By Dave Andrusko
Charlie Gard has died.
“’Our beautiful little boy has gone, we are so proud of you Charlie,” said his mom, Connie Yates, who with Chris Gard fought an unresponsive judiciary and determined hospital which steadfastly refused their plea to permit them to take their own son to the United States for experimental therapy.
Details were sparse. We know Charlie was taken to an undisclosed hospice, presumably in London. In his ruling Justice Nicholas Francis made it clear Thursday that Charlie’s ventilator would be quickly disconnected and that Charlie would “inevitably” die soon.
Earlier this week, the couple paid tribute to their ‘absolute warrior.’
His father said
‘Mummy and Daddy love you so much Charlie, we always have and we always will and we are so sorry that we couldn’t save you.
‘We had the chance but we weren’t allowed to give you that chance. Sweet dreams baby. Sleep tight our beautiful little boy.’
“Charlie’s Army” consisted of many more than those who contributed nearly $2 million online to defray expenses. The support voiced by Pope Francis and President Trump helped galvanize world-wide concern about a case which, at its most fundamental, turned on the question who decides what is in a child’s “best interests,” a hospital, a judge, or a child’s parents?
The position of Great Ormond Street Hospital (GOSH), which Justice Francis accepted uncritically, was
“that withdrawal of ventilation and palliative care are all that the hospital can offer him consistent with his welfare.
“That is because in the view of his treating team and all those from whom GOSH obtained second opinions, he has no quality of life and no real prospect of any quality of life.”
Charlie was, in their view, better off dead. To fight for one last chance, to allow Dr. Michio Hirano to try the nucleoside therapy which he believed could help their son, was a fool’s errand, dangerous, and disrespectful of Charlie’s dignity. In this paternalistic view, voiced perfectly by bioethicist Arthur Caplan, “Love can blind doing what is best for a dying baby.”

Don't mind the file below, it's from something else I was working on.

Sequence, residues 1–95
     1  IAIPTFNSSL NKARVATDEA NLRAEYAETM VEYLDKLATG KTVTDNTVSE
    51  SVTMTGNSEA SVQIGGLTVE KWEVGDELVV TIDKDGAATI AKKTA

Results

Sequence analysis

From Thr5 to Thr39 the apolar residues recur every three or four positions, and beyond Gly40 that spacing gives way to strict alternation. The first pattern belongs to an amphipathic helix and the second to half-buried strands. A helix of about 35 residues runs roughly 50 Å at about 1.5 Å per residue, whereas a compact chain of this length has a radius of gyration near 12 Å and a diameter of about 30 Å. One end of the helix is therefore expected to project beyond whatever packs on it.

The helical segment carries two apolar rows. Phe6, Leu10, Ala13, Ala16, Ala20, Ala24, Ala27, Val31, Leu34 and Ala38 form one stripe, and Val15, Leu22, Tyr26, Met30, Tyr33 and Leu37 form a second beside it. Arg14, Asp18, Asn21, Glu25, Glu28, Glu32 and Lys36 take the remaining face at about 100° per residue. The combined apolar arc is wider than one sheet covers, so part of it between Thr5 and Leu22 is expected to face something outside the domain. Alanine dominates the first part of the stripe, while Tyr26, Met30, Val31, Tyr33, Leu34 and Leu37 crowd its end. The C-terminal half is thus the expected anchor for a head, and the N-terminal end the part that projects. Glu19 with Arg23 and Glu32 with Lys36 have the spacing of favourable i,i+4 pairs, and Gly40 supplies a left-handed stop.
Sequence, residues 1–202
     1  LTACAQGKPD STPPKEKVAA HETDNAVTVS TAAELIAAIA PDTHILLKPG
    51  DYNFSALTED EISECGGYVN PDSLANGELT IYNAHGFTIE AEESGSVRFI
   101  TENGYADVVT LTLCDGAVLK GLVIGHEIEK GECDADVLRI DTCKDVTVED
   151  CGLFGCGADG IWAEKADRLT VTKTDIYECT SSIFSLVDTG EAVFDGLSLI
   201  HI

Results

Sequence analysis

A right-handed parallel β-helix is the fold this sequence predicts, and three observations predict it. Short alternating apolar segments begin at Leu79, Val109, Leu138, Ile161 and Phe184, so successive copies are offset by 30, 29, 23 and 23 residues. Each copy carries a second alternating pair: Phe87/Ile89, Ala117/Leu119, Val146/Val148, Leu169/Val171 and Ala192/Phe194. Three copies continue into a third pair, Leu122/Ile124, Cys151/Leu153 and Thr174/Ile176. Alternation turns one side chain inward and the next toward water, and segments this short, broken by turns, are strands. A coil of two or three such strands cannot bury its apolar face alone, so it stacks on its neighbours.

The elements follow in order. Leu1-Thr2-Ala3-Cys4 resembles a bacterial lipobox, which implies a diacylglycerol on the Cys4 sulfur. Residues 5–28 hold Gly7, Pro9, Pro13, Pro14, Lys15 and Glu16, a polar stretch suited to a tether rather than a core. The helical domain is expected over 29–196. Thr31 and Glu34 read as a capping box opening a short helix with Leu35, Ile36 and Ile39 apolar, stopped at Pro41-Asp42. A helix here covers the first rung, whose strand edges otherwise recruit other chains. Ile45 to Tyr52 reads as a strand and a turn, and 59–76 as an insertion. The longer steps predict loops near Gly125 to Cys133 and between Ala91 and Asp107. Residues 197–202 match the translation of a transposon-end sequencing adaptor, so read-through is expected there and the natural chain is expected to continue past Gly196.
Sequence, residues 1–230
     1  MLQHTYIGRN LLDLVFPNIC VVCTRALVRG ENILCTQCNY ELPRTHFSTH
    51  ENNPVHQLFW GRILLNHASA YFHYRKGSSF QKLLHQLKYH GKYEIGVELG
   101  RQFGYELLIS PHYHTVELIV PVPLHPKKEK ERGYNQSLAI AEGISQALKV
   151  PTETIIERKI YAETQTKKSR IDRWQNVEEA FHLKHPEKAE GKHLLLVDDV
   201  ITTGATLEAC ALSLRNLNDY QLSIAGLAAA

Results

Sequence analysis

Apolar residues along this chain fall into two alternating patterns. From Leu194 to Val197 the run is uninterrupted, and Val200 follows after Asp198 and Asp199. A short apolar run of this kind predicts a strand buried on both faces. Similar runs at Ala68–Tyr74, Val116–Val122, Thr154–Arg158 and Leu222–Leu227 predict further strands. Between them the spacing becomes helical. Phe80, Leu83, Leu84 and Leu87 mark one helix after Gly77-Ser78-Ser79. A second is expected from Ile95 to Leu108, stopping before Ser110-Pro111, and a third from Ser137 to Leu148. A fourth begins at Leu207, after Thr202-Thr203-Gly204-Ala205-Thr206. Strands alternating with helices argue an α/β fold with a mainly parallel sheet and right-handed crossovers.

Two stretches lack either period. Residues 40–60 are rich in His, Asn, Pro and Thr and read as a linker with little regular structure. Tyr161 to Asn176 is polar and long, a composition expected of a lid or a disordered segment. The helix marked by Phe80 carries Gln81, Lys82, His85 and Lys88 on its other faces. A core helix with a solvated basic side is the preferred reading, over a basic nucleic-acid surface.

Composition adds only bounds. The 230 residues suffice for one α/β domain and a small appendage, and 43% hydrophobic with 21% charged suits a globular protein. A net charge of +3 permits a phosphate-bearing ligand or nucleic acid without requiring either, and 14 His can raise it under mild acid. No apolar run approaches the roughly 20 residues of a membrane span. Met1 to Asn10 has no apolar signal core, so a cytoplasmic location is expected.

But so, too, can institutional hubris. GOSH and Justice Francis came to the conclusion that nothing could be done for Charlie and moved heaven and earth to make sure that nothing was done for Charlie.
Along the way Dr. Hirano was slimed with hints that there was a monetary reason behind the offer of his services. If that wasn’t bad enough, GOSH accused a man who serves as Chief of the Neuromuscular Division and Co-Director of the Columbia University Medical Center Muscular Dystrophy Association clinic and is Director of the H. Houston Merritt Center for Muscular Dystrophy and Related Diseases, of offering “false hope” to Connie and Chris.
One other thought. In his op-ed for the New York Daily News, Dr. Caplan began with these ten words.
Charlie Gard’s parents have decided to throw in the towel.
They raised almost $2 million, took their case to three courts, including the European Court of Human Rights, convinced the Columbia University Medical Center to admit Charlie as a patient, persuaded the United States Congress to begin the process of giving the family permanent resident status so they could come here for treatment, tugged on the heartstrings of the Pope and the President of the United States and countless other millions around the world.
“Threw in the towel”? Chris and Connie took on bastions of established power. They were beaten, but not defeated, by a system that gives hospitals’ enormous power in determining what course of action will be followed.
Might I add that Dr. Caplan, Justice Francis, and the GOSH staff would be fortunate indeed to have 1/10th the courage, persistence, and bravery of Connie Yates and Chris Gard